Hailing from the industrial town of Kingston, Ontario, the quintet of Brett Emmons (vocals), brother Jay Emmons and Andrew Young (guitars), Adam Paquette (bass), and Chris Huot (drums) formed in 2013 and released an EP, Shapeless Art. Last year saw the Canucks put out their full-length debut, The Union (Black Box Records).

It was nominated for Best Rock Album at the 2015 Juno Awards, Canada's version of the Grammys. The winner will be announced next month.


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Houston's 10 Friendliest Bars

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Photo by David Rozycki
Just a couple of the friendly people you might meet at Lola's Depot.
On our bar adventures about town, most of us are going out to have a good time and hoping to encounter some friendly faces. From our experience, the bars on this list meet these requirements, as we usually encounter both good-natured and approachable patrons and staff at these places.

Keep in mind that you can run into a jerk anywhere, unfortunately, but we feel if you give these spots a chance you're most likely to make some new friends, at least for the night.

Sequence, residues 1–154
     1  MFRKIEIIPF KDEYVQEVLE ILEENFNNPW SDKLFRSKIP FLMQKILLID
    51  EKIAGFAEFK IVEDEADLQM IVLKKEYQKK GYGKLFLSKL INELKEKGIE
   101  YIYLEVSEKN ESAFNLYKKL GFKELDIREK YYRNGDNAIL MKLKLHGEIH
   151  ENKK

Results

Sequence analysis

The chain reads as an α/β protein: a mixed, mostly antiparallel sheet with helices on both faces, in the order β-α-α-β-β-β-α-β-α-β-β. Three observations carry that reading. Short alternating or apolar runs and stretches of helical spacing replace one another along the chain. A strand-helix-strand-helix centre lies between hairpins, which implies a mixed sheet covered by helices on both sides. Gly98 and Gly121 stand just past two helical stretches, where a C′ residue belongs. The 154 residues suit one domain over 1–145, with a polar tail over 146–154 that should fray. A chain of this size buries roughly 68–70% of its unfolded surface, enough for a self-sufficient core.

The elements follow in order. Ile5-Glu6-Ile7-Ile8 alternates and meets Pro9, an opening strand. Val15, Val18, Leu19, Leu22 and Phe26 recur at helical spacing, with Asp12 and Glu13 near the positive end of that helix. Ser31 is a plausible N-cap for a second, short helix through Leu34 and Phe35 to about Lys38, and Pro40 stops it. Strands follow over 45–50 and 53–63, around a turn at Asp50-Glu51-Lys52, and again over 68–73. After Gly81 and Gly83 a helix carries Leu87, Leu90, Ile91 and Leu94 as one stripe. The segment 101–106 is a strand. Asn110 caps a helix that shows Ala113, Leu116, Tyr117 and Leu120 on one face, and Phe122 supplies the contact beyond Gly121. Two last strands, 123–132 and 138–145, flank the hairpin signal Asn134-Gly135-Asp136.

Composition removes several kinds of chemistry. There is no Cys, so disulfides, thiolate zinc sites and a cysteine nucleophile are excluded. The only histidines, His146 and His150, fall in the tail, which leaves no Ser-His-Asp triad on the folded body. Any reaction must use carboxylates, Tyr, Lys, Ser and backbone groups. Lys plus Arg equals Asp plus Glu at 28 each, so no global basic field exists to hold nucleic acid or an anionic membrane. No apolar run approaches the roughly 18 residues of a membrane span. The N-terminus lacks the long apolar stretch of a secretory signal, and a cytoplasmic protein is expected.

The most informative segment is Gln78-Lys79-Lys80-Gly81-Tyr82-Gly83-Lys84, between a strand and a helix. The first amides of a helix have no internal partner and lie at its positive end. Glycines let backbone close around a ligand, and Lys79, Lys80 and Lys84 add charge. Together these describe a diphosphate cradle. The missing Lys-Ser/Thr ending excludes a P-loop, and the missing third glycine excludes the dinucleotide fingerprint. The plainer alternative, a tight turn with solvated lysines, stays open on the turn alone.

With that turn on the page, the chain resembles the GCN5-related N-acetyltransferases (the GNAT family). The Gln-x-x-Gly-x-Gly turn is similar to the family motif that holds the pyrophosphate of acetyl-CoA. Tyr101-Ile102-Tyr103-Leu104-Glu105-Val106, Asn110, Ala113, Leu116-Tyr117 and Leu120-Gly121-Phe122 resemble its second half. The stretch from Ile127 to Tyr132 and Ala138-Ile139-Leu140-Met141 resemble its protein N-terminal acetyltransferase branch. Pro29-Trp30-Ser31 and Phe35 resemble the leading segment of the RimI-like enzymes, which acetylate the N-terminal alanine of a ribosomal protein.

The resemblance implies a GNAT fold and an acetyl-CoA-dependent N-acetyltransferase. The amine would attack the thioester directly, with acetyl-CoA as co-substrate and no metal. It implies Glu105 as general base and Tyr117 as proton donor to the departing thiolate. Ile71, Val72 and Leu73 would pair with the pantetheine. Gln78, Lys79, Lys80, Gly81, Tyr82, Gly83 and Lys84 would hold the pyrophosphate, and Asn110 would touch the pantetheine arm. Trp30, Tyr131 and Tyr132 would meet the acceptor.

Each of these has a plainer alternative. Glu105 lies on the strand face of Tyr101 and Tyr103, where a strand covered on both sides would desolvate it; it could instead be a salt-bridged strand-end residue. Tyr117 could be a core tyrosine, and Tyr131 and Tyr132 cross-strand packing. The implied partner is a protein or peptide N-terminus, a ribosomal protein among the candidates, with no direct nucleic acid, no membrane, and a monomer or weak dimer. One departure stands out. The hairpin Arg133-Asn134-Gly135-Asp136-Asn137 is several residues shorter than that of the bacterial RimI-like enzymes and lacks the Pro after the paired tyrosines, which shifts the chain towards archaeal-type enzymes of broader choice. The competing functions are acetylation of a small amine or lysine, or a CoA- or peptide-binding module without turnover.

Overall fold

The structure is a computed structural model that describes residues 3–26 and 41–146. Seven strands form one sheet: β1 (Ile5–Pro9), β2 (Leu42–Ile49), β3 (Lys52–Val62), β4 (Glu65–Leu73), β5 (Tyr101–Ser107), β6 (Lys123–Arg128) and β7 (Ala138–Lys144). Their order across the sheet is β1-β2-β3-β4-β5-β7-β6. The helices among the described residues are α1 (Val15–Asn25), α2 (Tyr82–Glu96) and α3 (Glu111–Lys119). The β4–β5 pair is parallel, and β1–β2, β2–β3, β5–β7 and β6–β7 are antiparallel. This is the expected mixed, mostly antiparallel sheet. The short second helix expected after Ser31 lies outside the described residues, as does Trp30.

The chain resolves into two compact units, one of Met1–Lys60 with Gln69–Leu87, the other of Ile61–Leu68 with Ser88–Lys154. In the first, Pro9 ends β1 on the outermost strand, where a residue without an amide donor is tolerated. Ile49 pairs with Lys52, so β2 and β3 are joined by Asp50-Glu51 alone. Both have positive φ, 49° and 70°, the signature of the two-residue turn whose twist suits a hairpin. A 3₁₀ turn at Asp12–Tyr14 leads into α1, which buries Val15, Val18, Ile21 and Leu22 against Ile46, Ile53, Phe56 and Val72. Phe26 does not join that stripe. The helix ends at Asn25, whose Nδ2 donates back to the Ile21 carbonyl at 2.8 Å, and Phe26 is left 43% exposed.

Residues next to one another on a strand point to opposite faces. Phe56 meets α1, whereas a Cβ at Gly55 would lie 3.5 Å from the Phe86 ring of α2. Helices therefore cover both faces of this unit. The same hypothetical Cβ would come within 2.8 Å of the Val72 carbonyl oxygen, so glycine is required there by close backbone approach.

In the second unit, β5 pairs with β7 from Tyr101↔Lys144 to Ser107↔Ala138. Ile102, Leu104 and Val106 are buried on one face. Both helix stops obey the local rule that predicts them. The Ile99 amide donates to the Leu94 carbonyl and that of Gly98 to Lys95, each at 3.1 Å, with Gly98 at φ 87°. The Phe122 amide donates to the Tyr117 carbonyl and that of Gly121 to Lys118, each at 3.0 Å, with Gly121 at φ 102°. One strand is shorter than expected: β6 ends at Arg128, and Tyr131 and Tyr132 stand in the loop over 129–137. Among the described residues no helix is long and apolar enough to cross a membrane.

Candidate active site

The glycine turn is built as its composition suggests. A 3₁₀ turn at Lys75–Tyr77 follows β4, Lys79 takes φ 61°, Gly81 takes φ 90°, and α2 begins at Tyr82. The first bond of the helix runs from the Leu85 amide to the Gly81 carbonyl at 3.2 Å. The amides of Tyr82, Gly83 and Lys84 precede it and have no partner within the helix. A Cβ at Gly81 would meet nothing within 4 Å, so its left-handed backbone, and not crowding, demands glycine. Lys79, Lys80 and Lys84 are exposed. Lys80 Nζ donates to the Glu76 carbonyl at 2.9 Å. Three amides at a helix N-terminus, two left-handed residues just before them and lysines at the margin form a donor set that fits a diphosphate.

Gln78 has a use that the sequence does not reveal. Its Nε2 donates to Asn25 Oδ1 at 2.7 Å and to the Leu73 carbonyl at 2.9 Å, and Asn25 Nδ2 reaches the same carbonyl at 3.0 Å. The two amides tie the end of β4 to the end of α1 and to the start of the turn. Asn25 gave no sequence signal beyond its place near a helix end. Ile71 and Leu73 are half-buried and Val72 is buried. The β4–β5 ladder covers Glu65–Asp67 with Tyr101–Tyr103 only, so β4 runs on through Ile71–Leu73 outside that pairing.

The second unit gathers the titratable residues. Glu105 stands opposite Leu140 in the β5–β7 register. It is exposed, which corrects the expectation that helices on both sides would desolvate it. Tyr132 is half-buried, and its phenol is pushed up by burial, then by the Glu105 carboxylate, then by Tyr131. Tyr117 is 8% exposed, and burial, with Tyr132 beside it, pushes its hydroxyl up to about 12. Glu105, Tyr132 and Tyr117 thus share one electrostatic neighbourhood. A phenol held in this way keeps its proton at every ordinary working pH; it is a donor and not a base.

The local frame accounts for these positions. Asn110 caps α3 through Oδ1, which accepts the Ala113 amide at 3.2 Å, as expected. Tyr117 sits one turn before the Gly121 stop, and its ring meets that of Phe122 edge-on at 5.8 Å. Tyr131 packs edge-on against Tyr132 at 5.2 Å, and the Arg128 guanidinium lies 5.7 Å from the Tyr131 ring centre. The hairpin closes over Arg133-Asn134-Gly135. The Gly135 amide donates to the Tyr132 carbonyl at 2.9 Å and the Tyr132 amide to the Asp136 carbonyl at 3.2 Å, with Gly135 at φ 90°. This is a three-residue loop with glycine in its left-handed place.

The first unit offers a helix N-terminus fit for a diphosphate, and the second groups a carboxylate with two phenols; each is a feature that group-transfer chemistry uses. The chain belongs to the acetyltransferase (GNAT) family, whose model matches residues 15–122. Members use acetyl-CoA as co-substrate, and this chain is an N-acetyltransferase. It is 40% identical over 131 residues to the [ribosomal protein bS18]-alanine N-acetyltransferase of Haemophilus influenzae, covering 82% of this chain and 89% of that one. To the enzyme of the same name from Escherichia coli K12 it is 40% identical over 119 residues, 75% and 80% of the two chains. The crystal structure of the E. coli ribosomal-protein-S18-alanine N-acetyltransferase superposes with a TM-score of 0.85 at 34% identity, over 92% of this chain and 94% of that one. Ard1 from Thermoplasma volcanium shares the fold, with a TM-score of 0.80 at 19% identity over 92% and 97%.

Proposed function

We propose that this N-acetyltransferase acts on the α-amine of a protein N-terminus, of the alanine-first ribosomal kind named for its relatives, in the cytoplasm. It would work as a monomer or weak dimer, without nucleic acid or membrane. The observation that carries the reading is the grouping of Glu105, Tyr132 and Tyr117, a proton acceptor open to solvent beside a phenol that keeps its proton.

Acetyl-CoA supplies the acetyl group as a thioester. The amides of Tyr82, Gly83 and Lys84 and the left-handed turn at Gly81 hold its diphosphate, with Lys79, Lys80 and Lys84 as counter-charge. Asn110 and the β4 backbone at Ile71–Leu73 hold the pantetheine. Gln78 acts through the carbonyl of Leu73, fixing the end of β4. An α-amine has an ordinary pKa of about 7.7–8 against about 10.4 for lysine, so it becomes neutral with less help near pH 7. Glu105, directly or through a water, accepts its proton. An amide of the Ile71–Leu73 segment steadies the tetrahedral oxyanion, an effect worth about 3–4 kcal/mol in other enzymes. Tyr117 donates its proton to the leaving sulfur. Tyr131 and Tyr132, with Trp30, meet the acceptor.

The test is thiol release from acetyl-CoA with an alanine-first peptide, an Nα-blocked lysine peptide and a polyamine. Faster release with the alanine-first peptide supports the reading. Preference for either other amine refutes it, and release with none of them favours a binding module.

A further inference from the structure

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Why It's Okay Your Band Isn't Playing FPSF '15

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Photo courtesy of The Bad Drugs
Jaqui Kill (right), the Bad Drugs' resident throat, says the local garage-punks are over stressing about an FPSF nod.
So, your band isn't listed among the many invited to play Free Press Summer Fest 2015. Is there anything that could conceivably comfort the gnawing ache in your spurned bones? Well, for starters, just remember that Run the Jewels, Lana Del Rey, Beck and Drake won't be playing, either.

In all seriousness, being called to perform at FPSF is indeed a huge honor for Houston-area bands. And the sting of not being invited sometimes needs a salve to remind you that being passed over doesn't mean you need to rush all your equipment over to Action Pawn.

So, we enlisted the help of Jacqi Kill from The Bad Drugs and Ganesha front man Ricky Dee to pass along some reminders why it's okay if your band is not playing the fest this year.